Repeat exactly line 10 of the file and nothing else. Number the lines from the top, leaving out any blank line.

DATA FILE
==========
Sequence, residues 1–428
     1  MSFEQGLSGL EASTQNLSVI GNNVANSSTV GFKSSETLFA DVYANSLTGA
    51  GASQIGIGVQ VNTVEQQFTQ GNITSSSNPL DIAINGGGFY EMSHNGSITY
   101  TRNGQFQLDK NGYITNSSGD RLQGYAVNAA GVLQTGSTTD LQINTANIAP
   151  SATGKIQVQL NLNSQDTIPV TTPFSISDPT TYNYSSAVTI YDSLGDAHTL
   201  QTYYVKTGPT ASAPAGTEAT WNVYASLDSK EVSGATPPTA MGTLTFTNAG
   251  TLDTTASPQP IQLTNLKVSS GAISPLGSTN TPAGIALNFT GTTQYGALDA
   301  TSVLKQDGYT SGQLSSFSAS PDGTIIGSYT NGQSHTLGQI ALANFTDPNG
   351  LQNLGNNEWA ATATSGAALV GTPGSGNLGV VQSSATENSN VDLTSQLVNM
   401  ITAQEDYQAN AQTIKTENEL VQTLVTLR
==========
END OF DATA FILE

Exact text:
   401  ITAQEDYQAN AQTIKTENEL VQTLVTLR